WASHINGTON – Last month, nonbank lenders were outraged over a Ginnie Mae plan to impose capital requirements. Industry observers say such a consequential policy underscored a long-held concern about the often-overlooked agency: It has lacked a permanent leader for more than four years.
The leadership void – outlasting the previous administration entirely – is inconsistent with the agency’s role in facilitating affordable housing and the market for mortgage-backed securities, experts say. Now run by career staff, Ginnie had a record amount of outstanding obligations last year, exceeding $ 2 trillion.
Its last permanent president was Ted Tozer, who departed in 2017 just before former President Donald Trump took office. Between then and October 2019, the agency – housed inside the Department of Housing and Urban Development – was led by politically appointed acting presidents. But since, it has been run by slightly less senior executives.
“I sure wish they would get a president and really try to get back to the understanding that Ginnie Mae is a critical piece of the housing finance system,” said Tozer, who is now a senior fellow at the Milken Institute. “You just can’t afford to leave it without any kind of leadership.”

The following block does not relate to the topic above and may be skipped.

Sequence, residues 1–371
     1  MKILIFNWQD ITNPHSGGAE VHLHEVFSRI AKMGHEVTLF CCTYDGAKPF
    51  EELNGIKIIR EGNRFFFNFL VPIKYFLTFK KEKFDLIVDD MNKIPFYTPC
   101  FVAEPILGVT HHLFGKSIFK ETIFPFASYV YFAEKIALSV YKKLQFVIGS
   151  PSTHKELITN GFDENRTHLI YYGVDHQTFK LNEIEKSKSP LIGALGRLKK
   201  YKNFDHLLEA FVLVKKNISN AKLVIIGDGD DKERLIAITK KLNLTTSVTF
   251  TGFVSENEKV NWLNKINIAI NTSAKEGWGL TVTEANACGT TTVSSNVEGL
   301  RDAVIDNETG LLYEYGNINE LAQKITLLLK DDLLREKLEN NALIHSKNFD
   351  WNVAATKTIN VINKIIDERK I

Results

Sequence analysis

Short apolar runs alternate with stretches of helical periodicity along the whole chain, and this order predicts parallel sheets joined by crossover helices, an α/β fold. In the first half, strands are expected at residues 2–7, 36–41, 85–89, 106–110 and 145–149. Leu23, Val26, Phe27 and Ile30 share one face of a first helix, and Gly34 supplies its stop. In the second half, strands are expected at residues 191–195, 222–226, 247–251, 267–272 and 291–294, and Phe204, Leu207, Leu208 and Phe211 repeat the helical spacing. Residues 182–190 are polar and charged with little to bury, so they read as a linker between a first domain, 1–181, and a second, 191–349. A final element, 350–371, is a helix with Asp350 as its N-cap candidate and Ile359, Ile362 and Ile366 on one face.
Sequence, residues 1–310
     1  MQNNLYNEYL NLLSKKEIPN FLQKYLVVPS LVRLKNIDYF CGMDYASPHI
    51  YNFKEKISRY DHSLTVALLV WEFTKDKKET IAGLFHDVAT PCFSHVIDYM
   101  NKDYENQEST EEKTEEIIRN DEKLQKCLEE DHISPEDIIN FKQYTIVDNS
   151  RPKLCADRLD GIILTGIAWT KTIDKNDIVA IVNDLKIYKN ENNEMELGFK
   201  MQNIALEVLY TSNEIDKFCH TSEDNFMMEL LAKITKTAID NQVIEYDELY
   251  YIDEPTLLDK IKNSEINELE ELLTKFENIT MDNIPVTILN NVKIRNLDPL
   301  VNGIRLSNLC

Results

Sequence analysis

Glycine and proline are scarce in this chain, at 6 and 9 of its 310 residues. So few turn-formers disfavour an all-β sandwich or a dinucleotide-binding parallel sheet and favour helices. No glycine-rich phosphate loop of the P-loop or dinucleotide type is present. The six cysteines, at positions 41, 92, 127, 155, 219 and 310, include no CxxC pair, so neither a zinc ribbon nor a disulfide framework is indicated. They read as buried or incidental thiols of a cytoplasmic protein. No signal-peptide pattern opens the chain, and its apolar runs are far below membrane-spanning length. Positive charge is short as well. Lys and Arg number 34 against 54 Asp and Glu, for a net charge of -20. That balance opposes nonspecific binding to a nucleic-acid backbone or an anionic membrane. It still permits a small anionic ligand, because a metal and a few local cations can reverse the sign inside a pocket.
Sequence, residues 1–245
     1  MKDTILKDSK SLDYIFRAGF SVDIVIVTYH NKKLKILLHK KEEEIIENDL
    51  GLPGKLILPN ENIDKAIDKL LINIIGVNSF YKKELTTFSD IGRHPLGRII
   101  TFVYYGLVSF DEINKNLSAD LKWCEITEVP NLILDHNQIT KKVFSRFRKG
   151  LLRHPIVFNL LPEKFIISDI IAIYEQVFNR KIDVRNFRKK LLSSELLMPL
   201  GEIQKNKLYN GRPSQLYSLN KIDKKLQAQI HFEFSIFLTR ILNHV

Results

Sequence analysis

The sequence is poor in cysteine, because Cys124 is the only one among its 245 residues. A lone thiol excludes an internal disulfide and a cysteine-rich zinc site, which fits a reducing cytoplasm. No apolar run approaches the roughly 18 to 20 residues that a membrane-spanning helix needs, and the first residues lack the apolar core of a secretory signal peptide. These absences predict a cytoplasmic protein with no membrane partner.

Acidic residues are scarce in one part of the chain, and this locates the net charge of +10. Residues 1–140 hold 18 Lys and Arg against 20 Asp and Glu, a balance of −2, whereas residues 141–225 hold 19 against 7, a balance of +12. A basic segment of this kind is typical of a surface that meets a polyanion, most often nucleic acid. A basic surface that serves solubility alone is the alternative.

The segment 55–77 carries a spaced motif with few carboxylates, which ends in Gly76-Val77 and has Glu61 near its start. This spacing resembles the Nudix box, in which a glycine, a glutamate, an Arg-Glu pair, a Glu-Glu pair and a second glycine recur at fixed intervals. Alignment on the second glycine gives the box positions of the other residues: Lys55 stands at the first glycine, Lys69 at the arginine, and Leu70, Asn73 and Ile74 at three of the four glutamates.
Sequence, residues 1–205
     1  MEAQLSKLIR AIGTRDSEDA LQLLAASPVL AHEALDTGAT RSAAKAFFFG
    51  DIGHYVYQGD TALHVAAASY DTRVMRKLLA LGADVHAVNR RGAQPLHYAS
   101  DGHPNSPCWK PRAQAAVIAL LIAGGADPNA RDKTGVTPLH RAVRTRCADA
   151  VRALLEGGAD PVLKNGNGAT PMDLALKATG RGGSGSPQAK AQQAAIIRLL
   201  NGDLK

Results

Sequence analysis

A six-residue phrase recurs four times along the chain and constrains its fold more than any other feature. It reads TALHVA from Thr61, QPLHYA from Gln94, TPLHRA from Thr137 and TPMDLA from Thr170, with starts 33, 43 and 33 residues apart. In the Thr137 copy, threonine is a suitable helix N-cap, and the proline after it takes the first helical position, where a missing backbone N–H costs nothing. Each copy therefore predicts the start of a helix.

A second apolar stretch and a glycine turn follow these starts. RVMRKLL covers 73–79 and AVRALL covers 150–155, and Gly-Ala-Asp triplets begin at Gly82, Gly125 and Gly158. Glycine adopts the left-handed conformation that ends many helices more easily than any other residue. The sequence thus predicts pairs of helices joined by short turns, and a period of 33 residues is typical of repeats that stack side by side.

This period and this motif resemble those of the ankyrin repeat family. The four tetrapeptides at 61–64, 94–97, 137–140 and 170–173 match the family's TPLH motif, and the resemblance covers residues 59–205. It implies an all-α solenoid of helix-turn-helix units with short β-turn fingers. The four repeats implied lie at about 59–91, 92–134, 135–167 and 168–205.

The agency’s backing provides a quasi-insurance policy to investors in mortgage-backed securities, ensuring that borrowers in government-backed programs are able to capture lower interest rates on home loans, in turn making many mortgages more affordable.
Michael Bright, left, was former President Donald Trump’s nominee to be the permanent head of the agency. But the full Senate never voted on his nomination. “You just can’t afford to leave it without any kind of leadership,” said Ted Tozer, right, the last Senate-confirmed head of Ginnie Mae.
The current de facto leader is Michael Drayne, who has been serving as Ginnie Mae’s acting executive vice president since the beginning of this year. Seth Appleton – who was the principal executive vice president of the agency and a political appointee – stepped down at the end of 2020. The agency has not had an acting president since Maren Kasper left two years ago; she had headed the agency in a temporary capacity for less than a year.